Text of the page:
• Strong Boundary Protection: high-assurance communications links (e.g., Type-1 crypto) and cross-domain solutions are utilized to create a classified enclave and connections to unsecured external network are prohibited;
  • Strong Personnel and Physical Security: personnel screening to Level 2 (SECRET) and above, and Security Zones are utilized;
  • Defence-in-Depth: technical, operational (including personnel and physical), and management security controls are used in a mutually supportive manner to mitigate risks (e.g., technical access controls used to protect sensitive databases, and additional physical security prevents unauthorized personnel to physically access the databases’ servers);
  • Least-Privilege: users are provided only the minimum access necessary to perform their duties (e.g., day-to-day tasks are performed using limited user accounts only, not administrative accounts);
  • Prevent-Protect-Detect-Analyze-Respond-Recover (PDARR): ensures that successful attacks can be detected and contained, IT assets can be restored to a secure and authentic state, and lessons learned are documented and used to improve the security posture of information systems; and
  • Layered Defence: ensures the various layers of an information system, such as applications, databases, platforms, middleware, and communications are adequately protected. This approach reduces the risk of a weakness in one part of the information system could be exploited to circumvent safeguards in other parts (e.g., compromised USB storage device at the platform-layer bypasses network-layer boundary protection).

This set of security approaches uses strict boundary protection and strong physical and personnel security as main protection measures, which potentially affords the use of less robust internal security controls - in turn, reducing cost and complexity. In particular, this set of security approaches specifies a system-high operating mode. In system-high mode all users are cleared to the highest level of information processed on the information system (SECRET), although not all users have a need-to-know or a requirement to access all of the information.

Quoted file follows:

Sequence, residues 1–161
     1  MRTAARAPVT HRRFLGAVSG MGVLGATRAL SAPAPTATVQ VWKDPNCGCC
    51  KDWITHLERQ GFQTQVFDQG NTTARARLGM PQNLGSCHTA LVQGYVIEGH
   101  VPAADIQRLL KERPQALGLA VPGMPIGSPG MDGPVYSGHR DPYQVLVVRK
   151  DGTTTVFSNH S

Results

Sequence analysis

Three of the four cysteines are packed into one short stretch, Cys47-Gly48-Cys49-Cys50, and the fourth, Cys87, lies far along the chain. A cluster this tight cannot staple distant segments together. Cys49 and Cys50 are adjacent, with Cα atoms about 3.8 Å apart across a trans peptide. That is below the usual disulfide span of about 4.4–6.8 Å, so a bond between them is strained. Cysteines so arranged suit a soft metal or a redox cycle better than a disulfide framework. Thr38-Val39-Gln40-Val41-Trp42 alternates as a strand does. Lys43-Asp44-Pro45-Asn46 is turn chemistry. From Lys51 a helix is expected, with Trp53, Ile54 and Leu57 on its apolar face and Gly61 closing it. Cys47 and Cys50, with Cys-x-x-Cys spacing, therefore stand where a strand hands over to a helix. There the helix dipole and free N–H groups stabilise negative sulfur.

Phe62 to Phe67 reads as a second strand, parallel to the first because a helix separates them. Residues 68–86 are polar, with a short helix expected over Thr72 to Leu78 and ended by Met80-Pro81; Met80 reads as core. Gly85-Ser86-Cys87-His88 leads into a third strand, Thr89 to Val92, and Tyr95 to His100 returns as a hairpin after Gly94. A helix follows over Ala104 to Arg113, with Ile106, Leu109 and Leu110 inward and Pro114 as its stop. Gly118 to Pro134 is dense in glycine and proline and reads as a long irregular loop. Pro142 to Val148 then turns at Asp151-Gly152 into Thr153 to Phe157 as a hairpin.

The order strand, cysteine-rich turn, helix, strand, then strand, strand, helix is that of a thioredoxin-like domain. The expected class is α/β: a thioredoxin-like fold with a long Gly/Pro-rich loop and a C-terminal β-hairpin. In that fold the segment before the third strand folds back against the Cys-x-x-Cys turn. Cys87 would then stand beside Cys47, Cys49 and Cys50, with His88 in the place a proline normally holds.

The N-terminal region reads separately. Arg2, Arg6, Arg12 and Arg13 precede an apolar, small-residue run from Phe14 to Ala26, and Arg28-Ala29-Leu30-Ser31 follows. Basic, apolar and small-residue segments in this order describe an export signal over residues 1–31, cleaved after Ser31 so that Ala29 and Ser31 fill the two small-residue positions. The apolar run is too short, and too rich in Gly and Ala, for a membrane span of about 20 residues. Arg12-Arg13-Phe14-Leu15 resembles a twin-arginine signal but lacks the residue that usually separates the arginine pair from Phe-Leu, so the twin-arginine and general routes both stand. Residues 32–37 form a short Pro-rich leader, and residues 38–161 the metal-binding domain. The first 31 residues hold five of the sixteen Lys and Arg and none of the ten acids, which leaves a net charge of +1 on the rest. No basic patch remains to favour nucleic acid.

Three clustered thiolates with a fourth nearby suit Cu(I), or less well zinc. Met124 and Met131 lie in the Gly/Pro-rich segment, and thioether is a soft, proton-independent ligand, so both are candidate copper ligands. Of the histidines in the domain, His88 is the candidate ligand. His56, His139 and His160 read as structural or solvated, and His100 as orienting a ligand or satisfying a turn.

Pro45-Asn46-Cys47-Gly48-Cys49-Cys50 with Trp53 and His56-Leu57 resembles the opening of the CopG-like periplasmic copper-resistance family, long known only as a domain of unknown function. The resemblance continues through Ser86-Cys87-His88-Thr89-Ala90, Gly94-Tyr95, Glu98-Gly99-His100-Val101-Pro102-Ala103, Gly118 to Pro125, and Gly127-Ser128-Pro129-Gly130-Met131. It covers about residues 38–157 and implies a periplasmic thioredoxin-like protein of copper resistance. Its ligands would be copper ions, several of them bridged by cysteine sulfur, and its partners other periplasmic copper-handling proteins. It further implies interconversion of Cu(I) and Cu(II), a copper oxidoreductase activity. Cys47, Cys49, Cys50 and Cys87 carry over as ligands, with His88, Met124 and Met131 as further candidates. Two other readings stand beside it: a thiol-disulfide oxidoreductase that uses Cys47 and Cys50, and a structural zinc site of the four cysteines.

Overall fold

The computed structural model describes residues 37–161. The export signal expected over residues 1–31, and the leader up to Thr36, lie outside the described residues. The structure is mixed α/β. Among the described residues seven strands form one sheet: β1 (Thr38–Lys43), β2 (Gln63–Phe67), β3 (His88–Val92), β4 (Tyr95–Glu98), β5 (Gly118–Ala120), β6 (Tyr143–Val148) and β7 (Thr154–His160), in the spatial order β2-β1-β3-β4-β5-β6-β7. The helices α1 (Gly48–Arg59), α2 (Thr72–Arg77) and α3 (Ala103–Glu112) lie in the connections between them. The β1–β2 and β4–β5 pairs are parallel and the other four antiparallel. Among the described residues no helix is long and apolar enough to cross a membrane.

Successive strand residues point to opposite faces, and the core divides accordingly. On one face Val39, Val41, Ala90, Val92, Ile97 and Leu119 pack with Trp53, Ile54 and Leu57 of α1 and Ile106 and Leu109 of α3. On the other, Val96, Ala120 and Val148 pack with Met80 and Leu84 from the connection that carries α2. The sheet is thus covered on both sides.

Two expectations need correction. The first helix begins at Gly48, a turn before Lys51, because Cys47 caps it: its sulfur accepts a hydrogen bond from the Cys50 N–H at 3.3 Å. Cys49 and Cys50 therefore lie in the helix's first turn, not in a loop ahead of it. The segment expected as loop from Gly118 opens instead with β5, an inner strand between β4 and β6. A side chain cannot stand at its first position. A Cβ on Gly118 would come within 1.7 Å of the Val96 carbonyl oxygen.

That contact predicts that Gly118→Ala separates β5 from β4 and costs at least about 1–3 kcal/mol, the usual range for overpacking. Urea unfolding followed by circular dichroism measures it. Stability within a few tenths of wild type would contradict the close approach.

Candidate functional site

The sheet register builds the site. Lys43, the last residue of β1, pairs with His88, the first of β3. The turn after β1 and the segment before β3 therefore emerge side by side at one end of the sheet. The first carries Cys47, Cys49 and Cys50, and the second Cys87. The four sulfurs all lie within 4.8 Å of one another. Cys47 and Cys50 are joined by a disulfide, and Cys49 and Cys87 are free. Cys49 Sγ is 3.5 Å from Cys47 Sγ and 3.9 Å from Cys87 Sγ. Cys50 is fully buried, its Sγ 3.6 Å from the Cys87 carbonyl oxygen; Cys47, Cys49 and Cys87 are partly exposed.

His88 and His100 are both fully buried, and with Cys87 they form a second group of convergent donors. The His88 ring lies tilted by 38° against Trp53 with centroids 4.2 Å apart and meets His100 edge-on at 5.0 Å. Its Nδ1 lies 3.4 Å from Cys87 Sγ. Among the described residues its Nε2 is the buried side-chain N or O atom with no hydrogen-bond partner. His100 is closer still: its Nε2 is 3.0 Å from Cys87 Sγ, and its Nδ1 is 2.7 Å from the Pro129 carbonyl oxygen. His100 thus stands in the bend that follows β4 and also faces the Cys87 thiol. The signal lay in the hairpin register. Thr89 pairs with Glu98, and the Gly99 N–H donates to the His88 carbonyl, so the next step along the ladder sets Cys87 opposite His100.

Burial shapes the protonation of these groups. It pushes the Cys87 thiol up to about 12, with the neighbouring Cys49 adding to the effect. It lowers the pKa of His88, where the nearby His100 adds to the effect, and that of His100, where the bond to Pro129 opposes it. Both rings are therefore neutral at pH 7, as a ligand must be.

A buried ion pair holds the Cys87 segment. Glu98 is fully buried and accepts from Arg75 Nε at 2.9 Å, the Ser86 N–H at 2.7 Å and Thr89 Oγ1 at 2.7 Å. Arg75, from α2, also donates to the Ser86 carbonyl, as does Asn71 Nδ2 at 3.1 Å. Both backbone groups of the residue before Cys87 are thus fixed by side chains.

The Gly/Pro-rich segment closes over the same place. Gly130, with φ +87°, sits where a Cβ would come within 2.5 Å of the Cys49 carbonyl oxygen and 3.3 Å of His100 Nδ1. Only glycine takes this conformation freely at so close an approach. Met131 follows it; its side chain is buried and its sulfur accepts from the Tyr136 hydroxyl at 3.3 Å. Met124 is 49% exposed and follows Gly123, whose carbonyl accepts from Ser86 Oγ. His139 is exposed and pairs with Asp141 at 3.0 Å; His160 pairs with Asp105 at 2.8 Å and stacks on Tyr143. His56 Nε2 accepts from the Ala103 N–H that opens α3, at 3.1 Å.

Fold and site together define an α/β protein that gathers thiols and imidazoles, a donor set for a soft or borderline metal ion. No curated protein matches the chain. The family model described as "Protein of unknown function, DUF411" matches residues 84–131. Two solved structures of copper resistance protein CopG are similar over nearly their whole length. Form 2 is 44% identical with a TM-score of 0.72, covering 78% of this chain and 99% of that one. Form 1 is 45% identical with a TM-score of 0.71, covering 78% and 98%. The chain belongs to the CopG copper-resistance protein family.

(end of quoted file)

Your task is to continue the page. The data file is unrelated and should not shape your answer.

Nevertheless, this profile also suggests a balanced set of security controls to reduce the risks of compromised internal elements of an information system being used to easily compromise additional elements. This profile also suggests security controls to detect, respond, and recover gracefully from security incidents. Many of these controls are operational controls that a mature IT operations group should have in place not only for security reasons, but also for the efficient and cost-effective day-to-day management of information systems.

This set of security approaches requires robust boundary protection, personnel and physical security to ensure risks are mitigated adequately. As such, these critical security controls need to be assessed regularly to ensure they continue to meet their security objectives. This approach allows the internal part of the information systems (inside the boundary) to be secured using a set of security controls similar to the (PROTECTED B / Medium Integrity / Medium Availability) security control profile.

It is important to ensure that this set of security approaches is appropriate to a departmental technical environment before selecting this profile. If not appropriate, then extensive tailoring may be required. This security profile is not suitable for multi-level information systems.

2.4.1 Relationship of Security Controls to Confidentiality, Integrity, and Availability Objectives

The selection of security controls in this profile aims to ensure the appropriate mitigation of threats that could compromise the confidentiality, integrity, or availability of IT assets supporting departmental business activities. This profile does not document the exact mapping between a security control and the specific objectives it aims to fulfill. While some security controls map more clearly to a specific objective (e.g., CP-7 Alternate Processing Site maps to an availability objective), most security controls support more than one security objective. For example, most controls in the Access Control family support, either directly or indirectly, all three objectives of confidentiality, integrity, and availability of IT assets. An adequate implementation of Access Control will mitigate a compromise where a threat agent:

  • Exfiltrates sensitive documents (confidentiality objective);
  • Modifies documents or database records (integrity and usually availability objectives);
  • Tampers with the proper behaviour of a business application (integrity and possibly availability objective);
  • Deletes database records (availability objective); and
  • Corrupts a business application to make it inoperative (availability objective).

The tailoring of this security control profile to satisfy departmental or business needs must take into account the complex and subtle relationships between afforded security control protection and the three security objectives a security control usually aims to fulfill.